Click here to Find a Contractor in your area.
Welcome! Here are the website rules, as well as some tips for using this forum.
Need to contact us? Visit https://heatinghelp.com/contact-us/.

Check Valve Noise: Do I even need it ?

TAGTAG Member Posts: 401
edited January 13 in THE MAIN WALL

Now that my Viessmann has been up and running with all the radiant connected -- only noise heard is a slight in line check valve rattle on the secondary loop pump. The top one above the LLH. The system uses two pumps -- two identical Alpha II (the smaller size). Don't have the water to the building connected yet -- so the loop for the DHW is not operational (3 speed pump). These are the small valves that come with the pumps

Why would it be making noise and do I even need it ? How much ghost flow would I get w/o it? It's running with constant circulation and when the DHW would call the boiler loop pump to the LLH is off as well (with a cv) ?

The mechanical room is spaced challenged. Here is the system. Two of the four manifolds are in there and it shares the space with the generator control and all the electrical panels. This room is within the living space next to a bathroom .... I'm not sure anyone but me will ever even hear it.

I currently have both pumps on "auto" and the boiler loop seems to settle around 3/4 GPM .... the other pump is normally "HI". I have tried different settings for both (the picture shows it in III) .... the system pump needs to be in auto or III to keep the flow up.

Comments

  • BoilerToolboxBoilerToolbox Member Posts: 9
    I am assuming you are referring to the small plastic check valve that inserts into the pump flange? You shouldn't need it on the system loop pump. The low loss header is intended to provide a decoupling of the boiler loop and the system loop so that flow in one loop should not induce flow in the other loop. It is recommended that the boiler pump not be run in AUTO ADAPT. This mode is intended for loops that have changing states (i.e. zone valves opening and closing). The boiler loop does not change state, therefore you are better off to set the pump to a Constant Curve or Constant Pressure mode to ensure that you are meeting the boiler manufacturer's minimum flow rate.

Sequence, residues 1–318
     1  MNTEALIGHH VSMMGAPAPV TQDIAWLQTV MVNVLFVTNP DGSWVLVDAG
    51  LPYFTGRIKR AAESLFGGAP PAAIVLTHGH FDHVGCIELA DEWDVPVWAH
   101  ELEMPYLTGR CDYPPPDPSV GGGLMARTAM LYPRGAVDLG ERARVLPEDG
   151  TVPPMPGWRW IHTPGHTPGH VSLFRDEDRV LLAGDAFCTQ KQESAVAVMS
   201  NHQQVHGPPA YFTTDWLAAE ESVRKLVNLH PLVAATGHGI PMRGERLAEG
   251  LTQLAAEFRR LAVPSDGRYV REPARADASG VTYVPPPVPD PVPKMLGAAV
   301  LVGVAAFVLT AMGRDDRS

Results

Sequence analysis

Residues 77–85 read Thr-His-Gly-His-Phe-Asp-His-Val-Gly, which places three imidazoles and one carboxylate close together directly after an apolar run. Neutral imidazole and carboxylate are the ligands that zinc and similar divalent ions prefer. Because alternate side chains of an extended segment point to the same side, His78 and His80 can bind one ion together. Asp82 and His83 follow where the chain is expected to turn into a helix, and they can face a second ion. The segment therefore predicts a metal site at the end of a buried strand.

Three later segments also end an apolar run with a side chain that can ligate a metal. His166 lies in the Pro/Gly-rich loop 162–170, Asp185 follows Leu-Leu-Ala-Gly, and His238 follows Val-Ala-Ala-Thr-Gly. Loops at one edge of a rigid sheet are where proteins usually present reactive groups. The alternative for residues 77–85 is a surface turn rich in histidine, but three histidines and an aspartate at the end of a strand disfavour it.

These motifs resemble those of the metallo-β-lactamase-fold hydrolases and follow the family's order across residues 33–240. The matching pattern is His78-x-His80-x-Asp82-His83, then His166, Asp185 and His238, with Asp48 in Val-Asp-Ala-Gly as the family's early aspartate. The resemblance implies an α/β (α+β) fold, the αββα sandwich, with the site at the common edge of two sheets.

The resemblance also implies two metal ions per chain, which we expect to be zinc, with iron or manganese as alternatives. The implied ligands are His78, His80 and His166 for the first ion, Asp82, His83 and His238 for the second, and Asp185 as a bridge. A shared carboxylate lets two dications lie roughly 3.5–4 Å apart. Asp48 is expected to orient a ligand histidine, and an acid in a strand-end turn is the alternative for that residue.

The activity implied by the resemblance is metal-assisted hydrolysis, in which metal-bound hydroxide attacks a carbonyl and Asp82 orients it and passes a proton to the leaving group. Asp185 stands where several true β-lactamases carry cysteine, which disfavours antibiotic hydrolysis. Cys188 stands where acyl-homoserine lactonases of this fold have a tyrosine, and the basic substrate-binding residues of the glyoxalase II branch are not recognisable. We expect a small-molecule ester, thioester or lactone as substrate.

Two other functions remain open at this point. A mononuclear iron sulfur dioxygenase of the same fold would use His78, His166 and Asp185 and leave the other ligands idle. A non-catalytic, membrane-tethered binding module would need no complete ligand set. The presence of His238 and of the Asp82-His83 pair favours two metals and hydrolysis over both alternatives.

EdTheHeaterMan
  • EdTheHeaterManEdTheHeaterMan Member Posts: 1,636
    I believe that @BoilerToolbox is correct about the check valve on that particular circ. I can't see any check valves either, so if it is the type inserted in the pump body or isolation valve, you can probably remove it.

    What will you check next after you remove the CV and you still have the noise? Since removing the CV is free, I would go for it. Just know that removing the CV is probably going to break it. That is my experience anyway.
    Edward Young
    Retired HVAC Contractor from So. Jersey Shore.
    Cleaned & services first oil heating system at age 16
    Specialized in Oil Heat and Hydronics where the competition did Gas Warm Air

    If you make an expensive repair and the same problem happens, What will you check next?
    BoilerToolbox
  • TAGTAG Member Posts: 401
    Yes, the small check valve. Interesting -- on the boiler loop it seems to be always around 3/4 regardless of the setting. They say use middle setting for both constant curve and the pressure on a boiler loop .. but all the literature says you should be using "AUTO"

    Although thinking about it -- does the boiler always want exactly the same flow. Seems like maybe it does. Or does it maybe want lower flow when the output is lower?

    Right now I have everything wide open except some minor reduction to all the loops on the lower slab to limit some of the output to balance it all out. In the future there is a possibility of zones opening and closing when I get in the house. That's where I thought the constant pressure setting would be used -- But, Grundfos says still to use the AUTO. It will learn ?
  • BoilerToolboxBoilerToolbox Member Posts: 9
    Auto Adapt will learn your system over time and will be the best choice for your system pump. The boiler pump should be set to constant curve.
Sign In or Register to comment.

Welcome

It looks like you're new here. If you want to get involved, click one of these buttons!